Conclusion and Download Link

Office Tab is an excellent program that plugs one major hole in Microsoft Office. While it will be of a great help for those who use Word or Excel on a regular basis, its performance issue could be a problem for some. If you feel like you want tabs in MS Office, give this program a go — you can always uninstall it if it lags too much.

Price: Free (for non-commercial use only, $25, $35

Version Reviewed: v9.20

Supported OS: Windows XP/2003/Vista/Server 2008/7

Download Size: 12.3-20.20MB

VirusTotal Malware Scan Results: 0/44

Portability: Not portable, installation required

Office Tab download page

[Thanks Mike!]

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10 comments

  1. Janet

    @Ashraf:

    First step (note correction! Ashraf: please correct in my last post):
    Tools>Options>View>Deselect “Windows in taskbar”
    This opens all docs in the same, single window.

    Then go to “Windows” dropdown menu and smile…:-)….

    Arrange all: Lines up open windows horizontally
    Side by side: obvious
    Split: View two parts of a document simultaneously (!!!)

    All these options also work if you have your docs open in separate windows…:-)….

    This menu also lists all open docs, with the active one checked. Which is, in effect, TABS, but only better because you can see more than one document at a time…:-)…

    The Side-by-Side option also gives you a “Synchronous scrolling” option!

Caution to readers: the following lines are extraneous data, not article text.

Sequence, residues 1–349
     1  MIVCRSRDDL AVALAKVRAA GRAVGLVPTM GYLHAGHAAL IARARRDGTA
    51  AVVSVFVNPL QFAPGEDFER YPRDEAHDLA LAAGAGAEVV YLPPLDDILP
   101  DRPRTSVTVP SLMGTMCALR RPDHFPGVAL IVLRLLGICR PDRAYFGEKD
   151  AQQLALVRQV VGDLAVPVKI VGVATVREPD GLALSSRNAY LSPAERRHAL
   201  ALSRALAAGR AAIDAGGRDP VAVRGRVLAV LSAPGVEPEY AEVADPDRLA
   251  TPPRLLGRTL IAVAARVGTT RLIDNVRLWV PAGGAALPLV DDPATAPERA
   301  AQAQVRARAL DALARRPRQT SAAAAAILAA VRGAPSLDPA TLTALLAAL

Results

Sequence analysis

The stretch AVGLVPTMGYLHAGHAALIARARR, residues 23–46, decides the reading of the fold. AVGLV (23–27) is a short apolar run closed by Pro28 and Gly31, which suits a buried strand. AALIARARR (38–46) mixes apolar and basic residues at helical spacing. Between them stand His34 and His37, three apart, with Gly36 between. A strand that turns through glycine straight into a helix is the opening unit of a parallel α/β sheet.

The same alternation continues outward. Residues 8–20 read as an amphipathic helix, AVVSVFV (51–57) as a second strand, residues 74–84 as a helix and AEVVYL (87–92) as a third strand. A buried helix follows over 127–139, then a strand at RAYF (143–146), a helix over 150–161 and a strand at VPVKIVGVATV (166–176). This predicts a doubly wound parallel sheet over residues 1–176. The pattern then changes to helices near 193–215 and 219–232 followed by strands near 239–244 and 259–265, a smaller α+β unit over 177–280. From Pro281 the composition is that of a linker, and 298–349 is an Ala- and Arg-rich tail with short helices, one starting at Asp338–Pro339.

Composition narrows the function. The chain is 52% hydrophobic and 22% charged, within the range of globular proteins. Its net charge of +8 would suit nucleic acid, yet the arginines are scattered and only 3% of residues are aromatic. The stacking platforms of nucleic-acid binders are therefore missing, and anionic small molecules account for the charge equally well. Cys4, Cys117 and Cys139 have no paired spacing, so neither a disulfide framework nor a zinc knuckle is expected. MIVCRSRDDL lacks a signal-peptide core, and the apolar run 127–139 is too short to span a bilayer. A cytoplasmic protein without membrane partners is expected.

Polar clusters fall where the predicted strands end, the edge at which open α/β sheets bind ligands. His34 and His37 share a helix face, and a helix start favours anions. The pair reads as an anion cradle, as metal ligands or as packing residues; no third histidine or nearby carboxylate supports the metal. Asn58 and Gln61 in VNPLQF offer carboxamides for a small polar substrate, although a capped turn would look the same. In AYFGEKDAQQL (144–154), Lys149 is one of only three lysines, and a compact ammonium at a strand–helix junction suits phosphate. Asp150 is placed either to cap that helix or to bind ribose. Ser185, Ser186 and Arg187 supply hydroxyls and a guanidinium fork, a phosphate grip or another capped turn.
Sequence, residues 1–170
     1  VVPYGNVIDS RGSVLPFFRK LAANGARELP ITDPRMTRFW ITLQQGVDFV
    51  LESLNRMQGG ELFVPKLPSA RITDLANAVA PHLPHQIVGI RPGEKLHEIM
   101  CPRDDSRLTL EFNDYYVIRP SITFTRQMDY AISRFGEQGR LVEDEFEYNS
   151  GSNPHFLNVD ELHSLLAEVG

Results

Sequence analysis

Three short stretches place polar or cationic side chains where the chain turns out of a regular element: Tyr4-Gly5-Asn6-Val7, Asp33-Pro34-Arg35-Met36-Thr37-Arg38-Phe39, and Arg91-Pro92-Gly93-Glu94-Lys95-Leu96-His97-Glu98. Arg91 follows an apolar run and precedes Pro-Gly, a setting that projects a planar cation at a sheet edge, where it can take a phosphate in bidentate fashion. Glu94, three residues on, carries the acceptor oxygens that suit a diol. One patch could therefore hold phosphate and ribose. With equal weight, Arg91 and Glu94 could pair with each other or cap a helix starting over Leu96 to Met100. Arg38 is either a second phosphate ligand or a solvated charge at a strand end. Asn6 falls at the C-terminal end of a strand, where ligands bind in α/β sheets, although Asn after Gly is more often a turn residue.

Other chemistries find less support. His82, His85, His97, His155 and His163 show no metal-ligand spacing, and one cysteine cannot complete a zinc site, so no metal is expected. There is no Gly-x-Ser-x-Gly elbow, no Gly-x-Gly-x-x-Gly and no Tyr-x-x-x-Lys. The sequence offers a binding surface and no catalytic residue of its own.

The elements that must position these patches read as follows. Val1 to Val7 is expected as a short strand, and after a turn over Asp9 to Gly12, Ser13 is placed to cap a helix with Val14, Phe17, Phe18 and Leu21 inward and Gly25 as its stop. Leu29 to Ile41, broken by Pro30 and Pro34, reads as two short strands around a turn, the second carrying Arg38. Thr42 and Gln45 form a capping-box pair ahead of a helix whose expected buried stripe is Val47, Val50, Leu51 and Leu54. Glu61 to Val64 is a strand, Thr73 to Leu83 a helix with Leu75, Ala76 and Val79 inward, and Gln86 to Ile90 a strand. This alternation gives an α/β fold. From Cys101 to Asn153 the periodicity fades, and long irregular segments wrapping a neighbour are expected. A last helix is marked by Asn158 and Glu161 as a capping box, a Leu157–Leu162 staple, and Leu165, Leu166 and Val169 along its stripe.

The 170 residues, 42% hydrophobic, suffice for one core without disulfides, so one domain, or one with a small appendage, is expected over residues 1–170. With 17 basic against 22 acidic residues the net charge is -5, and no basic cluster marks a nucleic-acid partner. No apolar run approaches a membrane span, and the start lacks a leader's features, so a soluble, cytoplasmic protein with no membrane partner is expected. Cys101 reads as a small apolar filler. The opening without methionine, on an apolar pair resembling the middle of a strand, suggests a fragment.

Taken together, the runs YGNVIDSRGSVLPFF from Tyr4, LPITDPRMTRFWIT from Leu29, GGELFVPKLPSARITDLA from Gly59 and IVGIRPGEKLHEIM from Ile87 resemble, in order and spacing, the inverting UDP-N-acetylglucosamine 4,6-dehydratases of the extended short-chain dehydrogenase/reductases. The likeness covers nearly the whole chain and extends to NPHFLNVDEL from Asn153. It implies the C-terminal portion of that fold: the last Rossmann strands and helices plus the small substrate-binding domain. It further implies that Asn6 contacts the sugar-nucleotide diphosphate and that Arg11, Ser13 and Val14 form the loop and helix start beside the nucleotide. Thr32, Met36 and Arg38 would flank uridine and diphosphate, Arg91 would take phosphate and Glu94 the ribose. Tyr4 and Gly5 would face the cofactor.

Lots of programs do a lot more than most people think (e.g., Windows Explorer)…:-)….

    I happen to have Word 2003 on Windows 7 Home Premium 64-bit. But I believe the above works for all versions of everything…..

  2. Janet

    Just wanted to make sure everyone knows that you can view multiple docs in WORD (without any plugins or additional software). I didn’t know that for years, and consequently always had to open additional instances of WORD in order to compare documents side by side, or to switch back and forth between docs. That is, Word would do it automatically if you opened additional docs. You can prevent that by:
    Tools>Options>View>Deselect Windows in taskbar

  3. Mike

    After having done a fair amount of research to find a freeware program to add tabs to Office, I’ve used the free version of this program for awhile and it has been just fine, for just having multiple document tabs (although I always hate seeing grayed-out options in the menu–the “extra” features of paid versions of freeware programs . . . ).

    Here’s a link to a further Lifehacker article discussing this program and its freeware version. http://lifehacker.com/5803347/office-tabs-adds-a-tabbed-view-in-microsoft-office

    And thanks, Vinay, for the credit thanks! :)

  4. Karl

    Is this truly free? It says “free download,” not “free registration,” and there is a separate “Purchase” page that has the regular version reduced to $25 and the Enterprise version (that does do Publisher, etc.) reduced to $35. So is there a trial period or what? If it is free for home (non-business users), I really wish they would say that on their site, because I paid them $25 two years ago and now feel like I was ripped off. (I’m disabled, so $25 is 8.3% of my post-rent monthly budget).

    Thank you so much for reminding me of this great product, though. I had it on my desktop, which kinda died a few months back, so I’m using a borrowed laptop now.